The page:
Back in 2015 I spent a weekend in Berlin attending the Final 4 for the men’s CEV Champions League. The event was hosted by Berlin Recycling Volleys, which was coached by my friend Mark Lebedew. He is author of the At Home on the Court blog. The other three teams involved were Zenit Kazan from Russia, PGE Skra Belchatow, and Asseco Resovia Rzeszow – the latter two from Poland. Berlin put up a good fight, but lost 3-1 to the Russian side in the first semifinal. Rzeszow then won the second semi 3-0. Berlin won a tight 3-2 battle of the losing teams to win the bronze medal. Kazan retained their championship by a 3-0 score line.
The atmosphere in the place was fantastic – helped by the home team’s performance, of course. Max Schmelling Halle was at capacity, setting an attendance record. Here’s a clip I posted on showing the end of the set Berlin won against Kazan.
Berlin’s bronze was their best ever Champions League finish. It was great to see a friend have that kind of success. [Note: In 2017 Berlin reached the Final 4 for the first time without being host. They only took 4th, though.]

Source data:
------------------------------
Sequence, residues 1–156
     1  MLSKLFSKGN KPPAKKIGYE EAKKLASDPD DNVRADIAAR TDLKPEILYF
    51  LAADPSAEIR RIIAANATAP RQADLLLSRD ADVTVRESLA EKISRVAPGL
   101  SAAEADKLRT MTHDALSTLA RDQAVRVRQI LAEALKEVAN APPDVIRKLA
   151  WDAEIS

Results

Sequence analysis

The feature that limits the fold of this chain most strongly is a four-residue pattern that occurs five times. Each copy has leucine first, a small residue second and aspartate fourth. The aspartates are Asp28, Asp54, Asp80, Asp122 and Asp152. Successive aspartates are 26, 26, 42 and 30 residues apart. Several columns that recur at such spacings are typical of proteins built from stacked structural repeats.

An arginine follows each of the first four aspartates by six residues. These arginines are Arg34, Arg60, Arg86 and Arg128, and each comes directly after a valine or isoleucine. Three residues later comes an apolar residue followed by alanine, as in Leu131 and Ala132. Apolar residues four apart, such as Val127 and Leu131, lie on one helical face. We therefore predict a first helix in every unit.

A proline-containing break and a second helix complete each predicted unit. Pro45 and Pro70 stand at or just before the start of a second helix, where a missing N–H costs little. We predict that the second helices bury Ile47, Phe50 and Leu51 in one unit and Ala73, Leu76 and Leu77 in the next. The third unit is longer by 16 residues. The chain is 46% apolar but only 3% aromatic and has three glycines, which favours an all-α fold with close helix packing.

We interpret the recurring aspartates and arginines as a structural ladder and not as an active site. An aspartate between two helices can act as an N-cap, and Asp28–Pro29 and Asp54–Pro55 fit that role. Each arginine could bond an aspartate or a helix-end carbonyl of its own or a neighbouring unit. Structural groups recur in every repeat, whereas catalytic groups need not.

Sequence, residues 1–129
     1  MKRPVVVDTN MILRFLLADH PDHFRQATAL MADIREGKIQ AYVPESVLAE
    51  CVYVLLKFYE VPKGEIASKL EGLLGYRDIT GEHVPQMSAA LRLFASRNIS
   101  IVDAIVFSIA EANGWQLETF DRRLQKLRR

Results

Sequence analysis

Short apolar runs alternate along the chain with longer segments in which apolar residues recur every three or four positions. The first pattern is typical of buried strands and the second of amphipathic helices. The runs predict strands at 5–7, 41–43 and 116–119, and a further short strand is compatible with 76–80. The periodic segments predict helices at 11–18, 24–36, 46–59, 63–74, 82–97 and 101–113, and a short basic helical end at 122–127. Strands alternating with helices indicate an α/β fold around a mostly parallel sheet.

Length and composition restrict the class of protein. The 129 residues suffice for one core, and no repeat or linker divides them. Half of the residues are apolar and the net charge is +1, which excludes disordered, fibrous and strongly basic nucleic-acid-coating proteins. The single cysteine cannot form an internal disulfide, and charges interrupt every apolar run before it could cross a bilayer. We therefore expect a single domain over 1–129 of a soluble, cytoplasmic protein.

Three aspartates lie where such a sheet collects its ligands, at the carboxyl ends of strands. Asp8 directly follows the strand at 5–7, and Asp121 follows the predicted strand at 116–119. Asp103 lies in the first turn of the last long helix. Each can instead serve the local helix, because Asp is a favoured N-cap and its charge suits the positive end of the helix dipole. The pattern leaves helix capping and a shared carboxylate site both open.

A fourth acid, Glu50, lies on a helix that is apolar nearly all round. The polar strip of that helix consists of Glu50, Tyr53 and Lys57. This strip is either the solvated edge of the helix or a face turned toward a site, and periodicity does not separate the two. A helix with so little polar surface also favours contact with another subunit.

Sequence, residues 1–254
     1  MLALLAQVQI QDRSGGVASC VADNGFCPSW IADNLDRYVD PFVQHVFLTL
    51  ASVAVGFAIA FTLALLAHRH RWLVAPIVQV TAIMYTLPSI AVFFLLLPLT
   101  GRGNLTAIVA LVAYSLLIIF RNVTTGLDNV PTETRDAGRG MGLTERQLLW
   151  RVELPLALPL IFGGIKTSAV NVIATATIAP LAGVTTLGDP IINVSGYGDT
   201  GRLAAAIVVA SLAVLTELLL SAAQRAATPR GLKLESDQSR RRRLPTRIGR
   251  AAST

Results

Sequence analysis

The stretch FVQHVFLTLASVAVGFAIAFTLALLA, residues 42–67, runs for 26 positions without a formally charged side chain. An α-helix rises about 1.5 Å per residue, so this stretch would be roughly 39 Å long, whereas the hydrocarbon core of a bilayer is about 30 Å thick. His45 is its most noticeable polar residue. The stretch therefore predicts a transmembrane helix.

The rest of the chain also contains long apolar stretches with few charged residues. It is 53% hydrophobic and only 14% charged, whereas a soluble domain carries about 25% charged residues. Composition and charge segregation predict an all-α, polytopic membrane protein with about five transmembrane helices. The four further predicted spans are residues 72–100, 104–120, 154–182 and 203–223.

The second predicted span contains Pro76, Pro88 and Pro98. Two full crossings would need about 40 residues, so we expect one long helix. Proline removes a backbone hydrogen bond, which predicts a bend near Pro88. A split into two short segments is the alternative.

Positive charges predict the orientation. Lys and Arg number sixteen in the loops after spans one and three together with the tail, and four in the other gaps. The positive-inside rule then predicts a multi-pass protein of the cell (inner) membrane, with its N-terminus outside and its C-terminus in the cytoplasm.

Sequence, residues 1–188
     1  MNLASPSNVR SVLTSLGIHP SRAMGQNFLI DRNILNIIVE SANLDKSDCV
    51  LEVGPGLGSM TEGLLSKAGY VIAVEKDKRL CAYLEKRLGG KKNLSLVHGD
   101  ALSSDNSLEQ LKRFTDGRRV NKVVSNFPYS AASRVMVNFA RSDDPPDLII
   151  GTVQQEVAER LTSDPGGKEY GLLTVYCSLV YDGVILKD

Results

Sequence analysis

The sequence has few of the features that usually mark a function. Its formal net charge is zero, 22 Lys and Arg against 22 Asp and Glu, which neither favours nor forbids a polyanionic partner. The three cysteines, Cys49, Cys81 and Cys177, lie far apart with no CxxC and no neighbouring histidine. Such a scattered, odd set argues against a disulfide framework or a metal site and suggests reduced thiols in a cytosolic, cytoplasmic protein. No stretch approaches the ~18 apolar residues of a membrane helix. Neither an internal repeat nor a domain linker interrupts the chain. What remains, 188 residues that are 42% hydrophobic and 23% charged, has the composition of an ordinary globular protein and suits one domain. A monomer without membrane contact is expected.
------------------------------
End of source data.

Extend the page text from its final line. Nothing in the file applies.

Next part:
During that weekend I got to spend a fair amount of time talking about coaching with Alexis Lebedew. He’s Mark’s brother, who authors the Coaches Corner blog and worked with Mark and their father to publish the Platonov coaching book. He and I literally spent just about 4 hours talking in the gym on that Friday afternoon while Kazan and Berlin were doing their final training sessions.
I also got to spend time with Ruben Wolochin from TV Bühl, along with his assistant Santiago. That is one of the German professional teams I visited back in August 2014. We talked about how things went with the team this season and what the future might bring for them. Of course we also talked about the play going on as I sat with him during the non-Berlin matches.
There were a few hiccups along the way, but all in all it a very good experience. I would highly recommend attending that sort of event to any volleyball coach. If nothing else, as I’ve said before, analyzing the play of top competitors will show you that just because they are bigger, faster, stronger, etc. it doesn’t mean they don’t make the same mistakes our players make.
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